Thursday, April 3, 2008

Frugal Pesah: Contradiction in terms?

High on the list of hard things to deal with when it comes to Jewish Simplicity has got to be Pesah. (Right after bar/bat mitzvahs, synagogue dues, Jewish fundraising, kosher food, day schools, etc etc.) First of all, you have to throw out all your food, or at least all your grain-based foods. This actually isn't so hard if you plan for it, meaning cutting down on your buying of pasta, cereal, etc. a month or so out so you don't have a lot of stuff to get rid of. If you observe strictly, you need a whole 'nother set of dishes, pots, pans, etc. for the 7 or 8 days of the holiday. But again, this is a one-time expense - as long as you stay away from doing all disposables, which you definitely should!

But then there's the scam that is Pesah food - apparently there is such a thing as a Pesah surcharge, when the same matzo meal that costs X amount in November (were you ever to buy it then) costs X + A LOT when you try to buy it in April. (I should put real numbers in there, but I'd have to do some research and I'd need to stand up to do it.) The House of Representatives had the gas industry over the coals the other day for the windfall profits; they should really get the Pesah food industry up there! Talk about windfall profits and gouging the consumer!

Then there's the incredible cost of doing a seder. We have, let's see, there's 5 of us (but 2 of my kids basically don't eat), my parents, my brother and his family, that's 11 already. We have another older couple coming, and possibly 2 Israeli students in town for a competition, that makes 15. If my cousin comes for the first night that's 4 more. The second night we'll lose the cousin, the Israelis and the other older couple but probably add a friend of DW's who's the parent of the peer of one of my kids, that's 5+4+2+4 = 15. So for those of you scoring at home, that's 34 people over 2 nights.

I went to KC and bought 7 pounds of brisket and 2 kosher chickens. It's probably not enough buy DW doesn't eat meat and like I said, the kids are picky. But the red meat alone was $100. (I told you, kosher is expensive.) I have to say in my own defense that this is quite literally the only time we serve red meat to guests the whole year.

So my plan is to make the meat the first night, make as much soup as I can from one of the chickens, and serve the boiled chicken along with the red meat on the first night, then the leftover meat and roast the other chicken for the second night. We may have to scrimp on the brand of gefilte fish we use.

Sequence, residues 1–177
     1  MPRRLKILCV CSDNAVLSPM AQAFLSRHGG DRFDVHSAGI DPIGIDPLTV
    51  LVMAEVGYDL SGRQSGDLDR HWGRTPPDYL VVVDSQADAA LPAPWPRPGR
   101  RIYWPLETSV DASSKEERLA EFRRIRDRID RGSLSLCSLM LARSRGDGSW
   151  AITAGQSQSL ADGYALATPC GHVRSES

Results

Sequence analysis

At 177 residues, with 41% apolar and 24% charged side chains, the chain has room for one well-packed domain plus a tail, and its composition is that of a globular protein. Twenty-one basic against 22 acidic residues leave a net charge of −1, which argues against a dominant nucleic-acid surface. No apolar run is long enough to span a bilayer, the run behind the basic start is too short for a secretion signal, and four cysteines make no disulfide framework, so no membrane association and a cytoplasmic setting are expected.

I bought a 5-pack of matzo, some matzo meal and some potato starch. I'll probably need some kind of instant stock. But I think basically everything else we're going to make will be from fresh ingredients - soup, roasted vegetables, haroset - I'm not sure about dessert, that's DW's department.

So understanding that "saving money" is really not in the plan for Passover, the most importnat piece of advice I could give is don't buy too much prepared food. Take it from me, the Pesah version of cheerios will not fill you up. And do you really need a whole bottle of Pesah ketchup for an 8-day holiday? The more you prepare from scratch (fresh food doesn't need a special kosher certification) the healthier and more frugal it will be.

The other possibility is to have your guests contribute something to the meal - the wine, the flowers, if you're sporting the food it doesn't seem too much to take people up on the question "what can I bring?" (Note: if you are the guest, ask this question!) If kashrut is an issue you probably won't want to do the potluck seder, but if it isn't then why not?

I'm going to give this some more thought. I'll probably have more to add to this in the next few days. In the meantime, can anyone think of anything to add?

1 comment:

bpt said...

Great to see you bringing this up in the blogosphere!
Turkey breast is often on sale at Passover time, so it's a good time to stock up. They're hard to find the rest of the year.
Same for whole turkeys, I imagine - but I'm too lazy to deal with them.
Chag sameach!!